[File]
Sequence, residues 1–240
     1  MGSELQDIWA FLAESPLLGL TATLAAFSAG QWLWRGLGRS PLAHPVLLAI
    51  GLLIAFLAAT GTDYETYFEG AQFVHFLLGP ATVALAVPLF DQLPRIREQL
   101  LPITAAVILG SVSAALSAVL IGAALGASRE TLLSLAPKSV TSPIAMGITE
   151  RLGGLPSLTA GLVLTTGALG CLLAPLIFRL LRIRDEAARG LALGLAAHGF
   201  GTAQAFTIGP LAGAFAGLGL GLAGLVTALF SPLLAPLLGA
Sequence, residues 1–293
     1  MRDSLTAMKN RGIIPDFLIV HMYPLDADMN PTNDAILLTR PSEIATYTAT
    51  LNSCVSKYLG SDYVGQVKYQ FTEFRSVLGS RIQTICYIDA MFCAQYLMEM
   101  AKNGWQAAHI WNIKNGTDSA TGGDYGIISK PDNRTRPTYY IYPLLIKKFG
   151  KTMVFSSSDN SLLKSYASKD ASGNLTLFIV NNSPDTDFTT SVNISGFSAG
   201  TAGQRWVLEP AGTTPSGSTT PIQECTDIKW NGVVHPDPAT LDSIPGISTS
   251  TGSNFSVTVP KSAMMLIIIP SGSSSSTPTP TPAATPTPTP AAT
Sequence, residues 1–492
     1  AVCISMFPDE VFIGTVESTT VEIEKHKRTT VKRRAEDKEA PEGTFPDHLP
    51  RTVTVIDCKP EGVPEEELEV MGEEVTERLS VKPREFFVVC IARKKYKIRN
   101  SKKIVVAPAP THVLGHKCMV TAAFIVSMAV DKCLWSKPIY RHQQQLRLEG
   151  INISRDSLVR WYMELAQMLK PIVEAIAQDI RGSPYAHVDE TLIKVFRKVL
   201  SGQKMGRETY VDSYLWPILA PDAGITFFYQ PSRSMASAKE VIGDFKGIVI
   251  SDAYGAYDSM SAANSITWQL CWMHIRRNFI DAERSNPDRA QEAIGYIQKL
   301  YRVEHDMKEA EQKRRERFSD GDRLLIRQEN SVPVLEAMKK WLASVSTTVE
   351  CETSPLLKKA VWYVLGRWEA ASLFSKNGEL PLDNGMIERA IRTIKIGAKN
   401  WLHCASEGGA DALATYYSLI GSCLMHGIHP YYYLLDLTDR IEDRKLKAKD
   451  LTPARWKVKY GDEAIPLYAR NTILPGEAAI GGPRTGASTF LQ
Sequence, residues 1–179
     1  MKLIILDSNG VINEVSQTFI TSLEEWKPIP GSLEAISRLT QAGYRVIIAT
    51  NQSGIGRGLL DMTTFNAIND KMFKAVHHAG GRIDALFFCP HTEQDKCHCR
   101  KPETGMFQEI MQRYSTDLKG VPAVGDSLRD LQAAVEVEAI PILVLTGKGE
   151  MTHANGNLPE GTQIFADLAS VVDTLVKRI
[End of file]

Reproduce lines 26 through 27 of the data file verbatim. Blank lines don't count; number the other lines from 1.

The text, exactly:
     1  MKLIILDSNG VINEVSQTFI TSLEEWKPIP GSLEAISRLT QAGYRVIIAT
    51  NQSGIGRGLL DMTTFNAIND KMFKAVHHAG GRIDALFFCP HTEQDKCHCR